First Look at the Tax Cuts and Jobs Act: Impact on Estates and Trusts

By Delman, Mary T. D.; Kess, Sidney et al. | The CPA Journal, February 2018 | Go to article overview

First Look at the Tax Cuts and Jobs Act: Impact on Estates and Trusts


Delman, Mary T. D., Kess, Sidney, Taylor, Catherine M., The CPA Journal


On December 22, 2017, the Tax Cuts and Jobs Act (TCJA) was signed into law by President Trump. Most of the provisions affecting estates and trusts are temporary; they commence in 2018 and are scheduled to expire after 2025. While there is minimal mention in the new law of its specific applicability to fiduciary income taxation, Internal Revenue Code (IRC) section 641(b) instructs that the taxable income of an estate or trust is to be computed in the same manner as of an individual unless otherwise indicated. Further guidance is anticipated as the IRS begins implementation.

Rate Reduction

Rates/brackets. As under previous tax law, estates and trusts reach the highest bracket quickly. The tax brackets for estates and trusts for 2018 have been changed as follows: for taxable income under $2,550, 10%; for taxable income from $2,550 to $9,149, 24%; from $9,150 to $12,499, 35%; over $12,500, 37%. After 2018, the tax brackets will be adjusted annually for inflation.

Owners of pass-through entities. There is a new 20% deduction for qualified business income from a partnership, LLC, S corporation, or sole proprietorship. This deduction will be available for estates and trusts, and will be passed through to income beneficiaries or retained by the fiduciary in a manner similar to allocating distributable net income. Rules similar to 2017-law IRC Section 199 will apply for allocating between fiduciaries and beneficiaries any W-2 wages and unadjusted basis of qualified property based on W-2 wages and capital. Generally, when a trust or estate owns an interest in an active business, it may be allocated a share of the domestic production activities deduction (DPAD) on a Form K-1 for this business. The DPAD is required to be allocated between the fiduciary and beneficiaries pursuant to the rules set forth under IRC section 199. The same allocation rules apply to the 20% deduction for qualified business income. Further guidance is needed, however, on this allocation as it applies to the 20% deduction.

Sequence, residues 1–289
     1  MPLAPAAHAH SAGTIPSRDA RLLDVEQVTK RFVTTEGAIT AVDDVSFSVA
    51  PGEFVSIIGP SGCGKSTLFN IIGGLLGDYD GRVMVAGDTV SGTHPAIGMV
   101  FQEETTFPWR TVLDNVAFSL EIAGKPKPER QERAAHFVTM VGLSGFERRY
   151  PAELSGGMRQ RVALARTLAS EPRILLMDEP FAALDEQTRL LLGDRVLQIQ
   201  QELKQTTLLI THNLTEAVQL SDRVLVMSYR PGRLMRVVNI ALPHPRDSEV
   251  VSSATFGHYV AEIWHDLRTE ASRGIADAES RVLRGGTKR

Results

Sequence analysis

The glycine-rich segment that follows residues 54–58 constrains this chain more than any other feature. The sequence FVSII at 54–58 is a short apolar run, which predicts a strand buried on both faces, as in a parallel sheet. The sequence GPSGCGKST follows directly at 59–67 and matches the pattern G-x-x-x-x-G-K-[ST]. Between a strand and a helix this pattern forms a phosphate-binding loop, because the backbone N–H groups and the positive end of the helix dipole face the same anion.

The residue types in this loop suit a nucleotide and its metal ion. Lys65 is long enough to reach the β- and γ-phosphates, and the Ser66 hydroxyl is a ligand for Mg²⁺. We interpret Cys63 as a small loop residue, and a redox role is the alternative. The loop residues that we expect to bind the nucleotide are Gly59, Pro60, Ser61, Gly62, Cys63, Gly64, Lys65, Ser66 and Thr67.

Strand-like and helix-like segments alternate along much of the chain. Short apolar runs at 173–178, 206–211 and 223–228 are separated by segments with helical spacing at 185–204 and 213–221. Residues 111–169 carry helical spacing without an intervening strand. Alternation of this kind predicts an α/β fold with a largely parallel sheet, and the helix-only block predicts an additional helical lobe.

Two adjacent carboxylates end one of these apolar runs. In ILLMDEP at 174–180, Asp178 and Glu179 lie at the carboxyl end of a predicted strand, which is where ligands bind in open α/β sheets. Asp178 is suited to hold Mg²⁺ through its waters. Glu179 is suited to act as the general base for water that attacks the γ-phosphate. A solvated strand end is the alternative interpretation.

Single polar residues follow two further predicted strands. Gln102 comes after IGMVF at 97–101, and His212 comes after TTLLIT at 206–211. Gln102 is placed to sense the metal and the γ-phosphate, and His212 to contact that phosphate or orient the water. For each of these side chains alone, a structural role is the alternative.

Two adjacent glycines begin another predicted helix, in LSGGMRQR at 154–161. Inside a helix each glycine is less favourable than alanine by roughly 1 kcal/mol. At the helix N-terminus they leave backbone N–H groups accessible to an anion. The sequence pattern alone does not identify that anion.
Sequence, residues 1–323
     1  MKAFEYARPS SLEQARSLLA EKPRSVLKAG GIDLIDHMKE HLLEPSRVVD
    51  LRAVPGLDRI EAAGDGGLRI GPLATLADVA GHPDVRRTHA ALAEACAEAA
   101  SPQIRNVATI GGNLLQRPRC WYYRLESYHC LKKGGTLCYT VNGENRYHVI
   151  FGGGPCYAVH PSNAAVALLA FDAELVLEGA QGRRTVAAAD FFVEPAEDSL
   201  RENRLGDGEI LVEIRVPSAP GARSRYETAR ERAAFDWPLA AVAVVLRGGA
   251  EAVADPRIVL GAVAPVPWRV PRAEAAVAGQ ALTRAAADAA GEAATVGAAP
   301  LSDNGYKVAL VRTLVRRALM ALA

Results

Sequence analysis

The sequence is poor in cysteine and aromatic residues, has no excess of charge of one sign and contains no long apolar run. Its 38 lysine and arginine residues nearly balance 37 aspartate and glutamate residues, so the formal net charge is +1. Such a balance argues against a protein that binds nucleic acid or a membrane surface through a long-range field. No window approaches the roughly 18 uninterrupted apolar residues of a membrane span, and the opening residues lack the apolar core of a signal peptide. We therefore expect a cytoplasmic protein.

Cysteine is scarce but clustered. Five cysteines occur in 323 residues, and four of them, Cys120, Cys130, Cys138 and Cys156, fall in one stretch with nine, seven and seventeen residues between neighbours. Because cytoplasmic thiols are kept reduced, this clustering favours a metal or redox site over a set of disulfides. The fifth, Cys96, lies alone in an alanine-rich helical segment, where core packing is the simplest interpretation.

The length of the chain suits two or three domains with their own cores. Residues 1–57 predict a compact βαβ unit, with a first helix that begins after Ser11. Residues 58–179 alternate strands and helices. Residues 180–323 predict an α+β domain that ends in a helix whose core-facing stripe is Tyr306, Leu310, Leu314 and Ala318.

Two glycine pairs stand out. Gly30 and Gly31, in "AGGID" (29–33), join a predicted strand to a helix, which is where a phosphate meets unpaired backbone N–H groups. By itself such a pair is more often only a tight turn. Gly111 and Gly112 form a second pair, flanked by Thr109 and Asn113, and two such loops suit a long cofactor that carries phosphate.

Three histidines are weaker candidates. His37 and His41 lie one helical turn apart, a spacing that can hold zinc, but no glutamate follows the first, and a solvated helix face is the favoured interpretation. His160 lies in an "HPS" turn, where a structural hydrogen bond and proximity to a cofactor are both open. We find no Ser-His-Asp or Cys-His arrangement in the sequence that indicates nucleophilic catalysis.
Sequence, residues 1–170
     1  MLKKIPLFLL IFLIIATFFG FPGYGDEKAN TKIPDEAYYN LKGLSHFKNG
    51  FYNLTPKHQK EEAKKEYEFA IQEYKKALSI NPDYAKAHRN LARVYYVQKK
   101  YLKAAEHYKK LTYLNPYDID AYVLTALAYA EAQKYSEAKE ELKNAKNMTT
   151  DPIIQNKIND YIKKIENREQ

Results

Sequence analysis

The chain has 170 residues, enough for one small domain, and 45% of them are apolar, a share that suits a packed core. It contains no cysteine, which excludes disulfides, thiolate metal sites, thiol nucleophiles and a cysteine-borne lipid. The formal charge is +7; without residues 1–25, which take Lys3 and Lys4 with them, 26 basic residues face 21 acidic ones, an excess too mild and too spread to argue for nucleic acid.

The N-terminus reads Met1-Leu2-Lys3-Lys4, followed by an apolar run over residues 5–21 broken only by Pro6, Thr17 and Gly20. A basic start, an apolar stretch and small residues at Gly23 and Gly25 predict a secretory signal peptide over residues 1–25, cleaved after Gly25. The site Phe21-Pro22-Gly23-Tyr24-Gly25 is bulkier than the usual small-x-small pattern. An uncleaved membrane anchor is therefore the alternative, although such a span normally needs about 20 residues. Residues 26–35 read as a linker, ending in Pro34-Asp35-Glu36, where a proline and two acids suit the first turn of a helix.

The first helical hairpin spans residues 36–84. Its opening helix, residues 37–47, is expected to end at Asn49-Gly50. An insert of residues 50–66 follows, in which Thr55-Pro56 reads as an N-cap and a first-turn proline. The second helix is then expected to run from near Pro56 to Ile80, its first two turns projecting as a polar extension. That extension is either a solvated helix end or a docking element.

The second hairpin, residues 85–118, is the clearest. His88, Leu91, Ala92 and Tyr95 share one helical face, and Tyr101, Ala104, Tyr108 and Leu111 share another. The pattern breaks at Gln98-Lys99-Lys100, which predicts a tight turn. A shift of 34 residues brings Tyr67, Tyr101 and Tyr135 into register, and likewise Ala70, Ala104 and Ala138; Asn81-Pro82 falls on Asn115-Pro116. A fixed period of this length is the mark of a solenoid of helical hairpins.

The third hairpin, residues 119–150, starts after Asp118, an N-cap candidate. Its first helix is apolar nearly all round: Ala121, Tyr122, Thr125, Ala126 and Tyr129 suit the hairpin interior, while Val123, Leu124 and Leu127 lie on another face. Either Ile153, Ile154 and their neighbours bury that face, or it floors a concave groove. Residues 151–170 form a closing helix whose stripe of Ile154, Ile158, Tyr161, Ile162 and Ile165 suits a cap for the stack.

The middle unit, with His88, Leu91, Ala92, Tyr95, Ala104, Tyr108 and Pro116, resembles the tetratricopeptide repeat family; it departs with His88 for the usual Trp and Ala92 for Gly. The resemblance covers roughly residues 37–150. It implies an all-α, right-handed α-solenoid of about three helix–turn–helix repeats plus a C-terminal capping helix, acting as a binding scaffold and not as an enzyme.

Capital gains and dividends. The maximum rates of 15% and 20% on long-term capital gains and qualified dividends have remained unchanged, but the income levels for such rates have been modified to provide that capital gains are taxed at 0% when taxable income is under $2,600; at 15% when under $12,700; and at 20% when higher.

Alternative minimum tax (AMT). While corporate AMT has been eliminated and the individual AMT exemption has been, at least temporarily, significantly increased, IRC section 55(d)(1)(D) has remained unchanged, leaving the statutory AMT exemption amount for estates and trusts at $22,500 and the statutory exemption phaseout threshold amount at $75,000 of AMT income. The TCJA will, however, adjust these amounts annually for inflation.

Deductions

The personal exemptions for individuals are repealed, but the TCJA leaves the exemptions for estates and trusts unchanged. IRC section 642(b) extends personal exemptions to estates and trusts; therefore, the personal exemption remains deductible by an estate ($600) and trust ($100 or $300). Personal exemptions for qualified disability trusts have been set at $4,150 for years when the personal exemption is zero.

Itemized deductions. Many of the itemized deduction rules have changed:

* The cap for deducting home mortgage interest has been reduced from $1 million to $750,000 for mortgages incurred after December 15, 2017. Interest on home equity lines is no longer deductible. It is uncertain how this will apply to trusts that own real estate for personal use.

* The deduction for state and local income, property, and sales taxes (SALT) is capped at $10,000 (IRC section 164). No deduction in 2017 is allowed for prepayment of 2018 state and local income taxes. The SALT cap excludes foreign income and all real property taxes paid in connection with carrying on a trade or business or an activity described in IRC section 212 (i.e., relating to expenses for the production of income). …

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